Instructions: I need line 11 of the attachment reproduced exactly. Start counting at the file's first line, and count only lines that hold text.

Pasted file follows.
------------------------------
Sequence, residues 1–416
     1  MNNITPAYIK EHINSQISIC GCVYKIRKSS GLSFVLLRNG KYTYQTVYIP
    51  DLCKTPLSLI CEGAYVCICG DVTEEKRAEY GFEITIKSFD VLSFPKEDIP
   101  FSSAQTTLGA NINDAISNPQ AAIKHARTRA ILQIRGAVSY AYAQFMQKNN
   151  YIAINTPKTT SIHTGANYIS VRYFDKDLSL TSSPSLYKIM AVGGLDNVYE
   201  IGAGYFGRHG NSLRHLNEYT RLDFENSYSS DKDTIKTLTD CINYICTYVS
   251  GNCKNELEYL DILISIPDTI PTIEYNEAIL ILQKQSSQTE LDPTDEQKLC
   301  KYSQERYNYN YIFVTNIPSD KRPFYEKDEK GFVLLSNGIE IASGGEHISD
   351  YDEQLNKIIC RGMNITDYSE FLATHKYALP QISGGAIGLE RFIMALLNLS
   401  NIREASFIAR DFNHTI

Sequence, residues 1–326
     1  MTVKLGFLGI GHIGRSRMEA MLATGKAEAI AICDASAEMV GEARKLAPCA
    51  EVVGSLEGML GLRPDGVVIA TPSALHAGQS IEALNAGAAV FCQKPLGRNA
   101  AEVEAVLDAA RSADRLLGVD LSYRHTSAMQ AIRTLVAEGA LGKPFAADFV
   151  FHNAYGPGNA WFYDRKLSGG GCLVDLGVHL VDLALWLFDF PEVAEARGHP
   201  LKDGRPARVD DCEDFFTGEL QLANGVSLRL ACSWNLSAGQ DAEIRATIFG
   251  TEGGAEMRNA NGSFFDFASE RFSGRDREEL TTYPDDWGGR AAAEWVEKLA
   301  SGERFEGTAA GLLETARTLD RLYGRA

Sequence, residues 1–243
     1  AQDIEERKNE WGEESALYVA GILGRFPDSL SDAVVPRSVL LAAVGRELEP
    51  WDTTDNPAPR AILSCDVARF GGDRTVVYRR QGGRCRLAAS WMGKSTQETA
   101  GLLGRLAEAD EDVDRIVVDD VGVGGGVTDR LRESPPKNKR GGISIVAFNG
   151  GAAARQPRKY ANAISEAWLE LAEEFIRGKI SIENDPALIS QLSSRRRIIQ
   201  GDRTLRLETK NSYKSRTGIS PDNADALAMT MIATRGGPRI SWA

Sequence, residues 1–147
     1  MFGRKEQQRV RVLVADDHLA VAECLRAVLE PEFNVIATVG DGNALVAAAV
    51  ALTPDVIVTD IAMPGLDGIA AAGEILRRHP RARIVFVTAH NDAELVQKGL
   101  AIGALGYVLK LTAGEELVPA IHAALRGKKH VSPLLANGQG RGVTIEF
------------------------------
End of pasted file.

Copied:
Sequence, residues 1–326